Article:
These journeys pale in comparison however, to the start of a major expedition on Tuesday. As readers will know from the end of my last blog, my closest friend Pauline began her adventure this week. There had been delays, but finally, at 5pm on 6 July, her ship set sail from Rosyth to Zeebrugge. It was a blustery and later wet, day and after a pack lunch sat in the not-too-picturesque port entry, she finally got away successfully. I made it back to Portobello in time to watch the ship sail over the horizon.

If, like me, you want to follow her adventure over the next 18 months or so, then log in to her blog by following this link:

The Bicycle Diaries

Posts won't appear very often as it depends on her access to the internet, but persevere, as when they do I'm sure we'll all be very jealous. There will also be a link to her Flickr site where you can see photos from the trip as she goes. I'll post the odd update now and again, together with the link each time.

So, first stage is a loop through Europe, taking in Germany, France, Spain and Portugal. Then in November she sets sail once again and travels by giant cargo ship to South America.

Now that's a journey!

Friday, 2 July 2010


If you've never seen dolphins close up, then there's a place in Scotland that allows you to do just that: Chanonry Point, fifteen miles east of Inverness on the northern coast, is a peninsula that juts out into the Moray Firth.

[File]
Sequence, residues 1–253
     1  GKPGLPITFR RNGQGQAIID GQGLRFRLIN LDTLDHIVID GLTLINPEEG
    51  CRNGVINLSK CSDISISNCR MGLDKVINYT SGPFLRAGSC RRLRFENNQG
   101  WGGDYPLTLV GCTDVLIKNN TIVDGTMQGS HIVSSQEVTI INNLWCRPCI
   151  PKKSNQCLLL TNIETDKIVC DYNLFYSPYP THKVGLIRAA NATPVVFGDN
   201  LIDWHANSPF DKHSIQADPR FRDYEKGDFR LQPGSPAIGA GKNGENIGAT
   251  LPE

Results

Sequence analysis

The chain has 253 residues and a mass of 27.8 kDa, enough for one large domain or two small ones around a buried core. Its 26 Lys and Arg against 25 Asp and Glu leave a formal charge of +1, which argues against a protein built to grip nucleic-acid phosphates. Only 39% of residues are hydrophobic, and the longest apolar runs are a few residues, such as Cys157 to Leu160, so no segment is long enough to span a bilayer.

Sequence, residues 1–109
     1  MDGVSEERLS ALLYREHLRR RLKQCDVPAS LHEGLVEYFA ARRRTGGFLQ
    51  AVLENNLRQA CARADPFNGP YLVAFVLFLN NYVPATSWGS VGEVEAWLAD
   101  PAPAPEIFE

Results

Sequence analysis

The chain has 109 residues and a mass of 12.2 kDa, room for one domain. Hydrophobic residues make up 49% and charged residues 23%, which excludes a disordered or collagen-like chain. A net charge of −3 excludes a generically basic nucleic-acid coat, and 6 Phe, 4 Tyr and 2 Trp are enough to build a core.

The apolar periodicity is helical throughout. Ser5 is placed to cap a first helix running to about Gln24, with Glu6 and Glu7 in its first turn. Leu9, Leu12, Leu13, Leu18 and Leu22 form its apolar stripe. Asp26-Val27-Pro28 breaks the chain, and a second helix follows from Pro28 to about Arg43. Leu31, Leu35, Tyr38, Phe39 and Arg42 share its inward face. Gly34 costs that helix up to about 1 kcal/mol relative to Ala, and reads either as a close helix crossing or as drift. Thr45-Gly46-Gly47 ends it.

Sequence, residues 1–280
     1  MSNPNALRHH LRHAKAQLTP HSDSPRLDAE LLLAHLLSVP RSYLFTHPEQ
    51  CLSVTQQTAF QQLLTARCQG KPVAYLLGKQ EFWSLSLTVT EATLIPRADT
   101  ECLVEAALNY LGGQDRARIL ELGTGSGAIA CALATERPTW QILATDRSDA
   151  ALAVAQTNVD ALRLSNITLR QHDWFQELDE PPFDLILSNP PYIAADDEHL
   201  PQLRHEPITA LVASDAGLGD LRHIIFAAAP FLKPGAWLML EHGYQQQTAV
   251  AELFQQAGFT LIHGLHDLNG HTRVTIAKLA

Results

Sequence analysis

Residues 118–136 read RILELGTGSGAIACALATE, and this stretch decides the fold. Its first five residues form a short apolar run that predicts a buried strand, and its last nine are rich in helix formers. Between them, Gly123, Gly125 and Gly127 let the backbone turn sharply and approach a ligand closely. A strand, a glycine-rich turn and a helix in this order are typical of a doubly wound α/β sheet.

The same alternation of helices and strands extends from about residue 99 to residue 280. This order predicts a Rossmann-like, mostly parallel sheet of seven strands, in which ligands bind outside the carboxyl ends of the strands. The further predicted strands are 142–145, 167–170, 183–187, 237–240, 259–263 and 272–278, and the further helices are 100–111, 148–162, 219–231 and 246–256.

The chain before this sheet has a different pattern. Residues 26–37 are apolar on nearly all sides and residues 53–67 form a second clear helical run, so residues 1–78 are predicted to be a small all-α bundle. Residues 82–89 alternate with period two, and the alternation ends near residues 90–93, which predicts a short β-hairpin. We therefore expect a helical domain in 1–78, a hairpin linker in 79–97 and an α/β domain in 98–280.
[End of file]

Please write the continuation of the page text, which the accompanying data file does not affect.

This past week Pauline and I spent three days there, camping in the small campsite at Rosemarkie, a small village that is an extension of Fortrose. We were blessed with good weather for our main "dolphin-watching" day on the Wednesday, and they did not disappoint.

We journeyed by train, as is our favourite mode of transport, from Edinburgh to Inverness in a little over three hours, then cycled the remaining fifteen miles, in glorious sunshine to Fortrose, past fields of barley in different stages of growth, waving in the wind like seaweed beneath a vast ocean.

The Whale & Dolphin Conservation Society, WDCS, estimate that there are around 130 dolphins in the firth, resident all year round. The best times to see them at Chanonry Point are between June and September. The Point had been a well kept sercet for many years, until two years ago, when Simon King broadcast from there during the BBC's Springwatch. Now everyone and their brother knows about it! That said, during Simon's visit he hardly saw any at all, so the crowds that gather are not too large, thankfully.